Motorcycle Saddle Bag

April 27, 2009 12:55 AM | Alaskan Photo Tours

Motorcycle Saddle Bag
Honda GL1100 Interstate?

I have a 1981 GL100 Honda Goldwing Interstate…It has been sitting for several years under tarp. Engine is seized from water in crankcase. Complete motorcycle is there except for an AM/FM factory radio which I put in my 1982 Goldwing. Fairing is cracked, but, salvageable. Saddle bags, windshield intact. What would be a decent asking price for the 1981 AS IS.. or would I be better off “parting it out”…?

The engine is seized from water in the crankcase? By water, do you mean coolant? Did the engine lock up because of the coolant before you parked it? If so, the engine may very be not much more than a boat anchor. When engines seize because of antifreeze in the crankcase, they can be glued so tight you’ll never get it to turn again and I’m talking from experience. Or do you mean water as in condensation or rain water? That kind of deal can still be a real bear because of corroded bearings, anything ferrous rusted. Whether you have water in the crankcase or not, moisture in the form of humidity can enter through a carb and open intake valve or exhaust and open exhaust valve. That moisture has a way of making aluminum pistons corrode around the piston rings, swelling the tightly around the rings. To remove the pistons, you end up using a oak block and sledge hammer, assuming you can get the connecting rod disconnected from the crankshaft. I’ve done this also and on a CB 450, the rings were swelled to tightly that they split the part of the cylinder sleeve that extended below the cylinder block. By the time you get the piston driven out, it’s ruined and even if the top isn’t bashed in, you’ll never get the rings off because of the corrosion. Even if the engine weren’t locked up, if it’s set outside under the tarp, you can bet that at least one intake and one exhaust valve have been open and the valve seat is rusted and pitted.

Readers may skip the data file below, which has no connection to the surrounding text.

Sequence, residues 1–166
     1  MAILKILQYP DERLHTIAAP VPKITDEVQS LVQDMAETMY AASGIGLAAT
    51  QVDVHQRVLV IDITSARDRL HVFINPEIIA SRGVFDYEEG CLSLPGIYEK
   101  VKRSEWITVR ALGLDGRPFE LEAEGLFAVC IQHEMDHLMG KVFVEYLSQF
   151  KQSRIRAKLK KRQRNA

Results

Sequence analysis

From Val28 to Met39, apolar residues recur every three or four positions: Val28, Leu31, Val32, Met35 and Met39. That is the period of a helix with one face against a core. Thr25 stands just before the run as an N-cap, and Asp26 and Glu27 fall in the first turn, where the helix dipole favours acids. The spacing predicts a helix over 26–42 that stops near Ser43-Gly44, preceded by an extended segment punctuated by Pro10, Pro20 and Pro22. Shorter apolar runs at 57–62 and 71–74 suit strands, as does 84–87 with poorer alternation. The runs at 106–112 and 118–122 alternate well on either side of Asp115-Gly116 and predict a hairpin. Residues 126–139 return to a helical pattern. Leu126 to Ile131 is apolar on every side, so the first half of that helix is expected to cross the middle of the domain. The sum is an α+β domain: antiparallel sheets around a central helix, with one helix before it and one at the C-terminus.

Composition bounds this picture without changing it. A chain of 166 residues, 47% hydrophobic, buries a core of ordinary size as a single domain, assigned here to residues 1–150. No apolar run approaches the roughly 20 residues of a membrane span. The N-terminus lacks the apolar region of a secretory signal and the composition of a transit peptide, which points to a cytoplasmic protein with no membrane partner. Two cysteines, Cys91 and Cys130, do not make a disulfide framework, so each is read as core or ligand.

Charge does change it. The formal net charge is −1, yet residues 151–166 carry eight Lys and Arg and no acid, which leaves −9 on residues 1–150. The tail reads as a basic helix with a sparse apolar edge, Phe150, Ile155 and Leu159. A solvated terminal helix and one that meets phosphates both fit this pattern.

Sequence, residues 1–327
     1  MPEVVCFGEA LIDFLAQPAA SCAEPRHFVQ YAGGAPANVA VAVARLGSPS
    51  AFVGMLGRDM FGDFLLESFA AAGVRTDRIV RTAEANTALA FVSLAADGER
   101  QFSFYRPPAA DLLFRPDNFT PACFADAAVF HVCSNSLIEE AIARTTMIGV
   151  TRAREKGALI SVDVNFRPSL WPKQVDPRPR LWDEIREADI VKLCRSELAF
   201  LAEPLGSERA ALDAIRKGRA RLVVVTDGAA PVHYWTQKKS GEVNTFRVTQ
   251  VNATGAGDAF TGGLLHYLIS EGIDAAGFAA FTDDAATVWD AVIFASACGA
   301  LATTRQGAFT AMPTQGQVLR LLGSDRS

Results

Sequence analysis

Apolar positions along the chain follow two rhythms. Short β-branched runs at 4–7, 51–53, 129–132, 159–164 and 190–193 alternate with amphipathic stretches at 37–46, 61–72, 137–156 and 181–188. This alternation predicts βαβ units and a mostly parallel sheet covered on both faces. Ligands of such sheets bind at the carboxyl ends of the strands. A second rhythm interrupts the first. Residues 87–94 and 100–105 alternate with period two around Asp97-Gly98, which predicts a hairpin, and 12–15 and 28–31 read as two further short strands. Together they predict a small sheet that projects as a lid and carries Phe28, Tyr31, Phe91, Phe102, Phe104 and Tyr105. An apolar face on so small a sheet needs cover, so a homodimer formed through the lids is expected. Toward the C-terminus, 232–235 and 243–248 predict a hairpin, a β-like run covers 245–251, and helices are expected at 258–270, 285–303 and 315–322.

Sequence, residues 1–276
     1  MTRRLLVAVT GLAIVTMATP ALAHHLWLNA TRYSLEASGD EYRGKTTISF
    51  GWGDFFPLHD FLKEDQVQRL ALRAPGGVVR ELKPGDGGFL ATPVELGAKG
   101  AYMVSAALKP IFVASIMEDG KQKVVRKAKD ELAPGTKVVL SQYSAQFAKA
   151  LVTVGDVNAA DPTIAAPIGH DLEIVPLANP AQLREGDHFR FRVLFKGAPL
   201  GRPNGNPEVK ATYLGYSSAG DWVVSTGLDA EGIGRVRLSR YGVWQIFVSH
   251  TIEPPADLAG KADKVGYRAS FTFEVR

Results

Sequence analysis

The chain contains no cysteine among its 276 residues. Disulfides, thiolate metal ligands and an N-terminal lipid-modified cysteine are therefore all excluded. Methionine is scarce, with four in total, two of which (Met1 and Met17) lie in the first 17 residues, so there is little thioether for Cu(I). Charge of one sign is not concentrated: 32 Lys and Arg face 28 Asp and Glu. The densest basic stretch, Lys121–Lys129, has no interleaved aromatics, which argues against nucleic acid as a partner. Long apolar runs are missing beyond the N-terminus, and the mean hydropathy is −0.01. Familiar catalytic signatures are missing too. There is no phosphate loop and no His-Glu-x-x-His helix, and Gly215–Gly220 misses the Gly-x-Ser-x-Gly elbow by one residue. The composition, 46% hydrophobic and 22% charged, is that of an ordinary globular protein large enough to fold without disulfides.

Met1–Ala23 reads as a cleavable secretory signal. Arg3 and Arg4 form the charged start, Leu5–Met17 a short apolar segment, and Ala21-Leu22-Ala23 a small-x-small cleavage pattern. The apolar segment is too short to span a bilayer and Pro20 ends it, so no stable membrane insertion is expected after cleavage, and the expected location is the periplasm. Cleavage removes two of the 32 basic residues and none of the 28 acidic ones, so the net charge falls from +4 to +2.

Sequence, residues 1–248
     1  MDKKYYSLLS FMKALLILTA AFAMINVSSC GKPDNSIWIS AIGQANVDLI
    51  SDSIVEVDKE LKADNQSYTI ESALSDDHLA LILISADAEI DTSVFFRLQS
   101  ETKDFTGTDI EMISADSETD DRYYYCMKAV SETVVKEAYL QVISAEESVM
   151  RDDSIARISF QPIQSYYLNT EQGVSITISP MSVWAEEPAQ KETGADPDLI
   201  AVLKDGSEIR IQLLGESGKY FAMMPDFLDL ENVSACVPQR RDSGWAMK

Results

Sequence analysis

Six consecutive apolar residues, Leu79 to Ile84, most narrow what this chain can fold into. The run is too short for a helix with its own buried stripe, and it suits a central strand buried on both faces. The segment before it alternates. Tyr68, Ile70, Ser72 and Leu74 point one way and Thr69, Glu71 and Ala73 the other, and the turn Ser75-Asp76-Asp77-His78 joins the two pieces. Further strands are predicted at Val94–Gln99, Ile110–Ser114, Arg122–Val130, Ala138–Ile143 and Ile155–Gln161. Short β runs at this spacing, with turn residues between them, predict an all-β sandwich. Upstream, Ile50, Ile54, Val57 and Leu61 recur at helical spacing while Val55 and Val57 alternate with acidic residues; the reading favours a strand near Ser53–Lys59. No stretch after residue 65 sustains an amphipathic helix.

What I’m saying is, you’re either going to have to part the bike out and figure many of the engine internals won’t be salvagable. To get it going before you sell it, you better figure on spending $500 bucks for a used engine because that will be cheaper than trying to repair the existing engine. You’ll spend approximately $100 on a gasket set alone and that doesn’t include any parts.

I’m a competent mechanic and have rebuilt-restored several full dressers before. Without knowing how bad the engine is and assuming the worst, a 29 year old bike with a busted fairing (I’ve repaired them before too) and missing radio is going to also need tires and most likely fork seals. Does it have rear air shocks? If so, the seals may be dried out and leaking on them too, making them useless. Since the radio is out, I wouldn’t be surprised if the mice have been inside the fairing chewing on the wires (been there, done that). With my past experience rebuilding bikes and knowing what I know, I’d be hard pressed to give you $300. If you can get $500, make sure it’s cash, sign the title quickly and let the buyer know that once you have the money and he has the title, it’s a done deal and there’s no going back. Just make sure the buyer isn’t a close friend or family member.

Giant Loop motorcycle saddle bags on my Yamaha FZ6R

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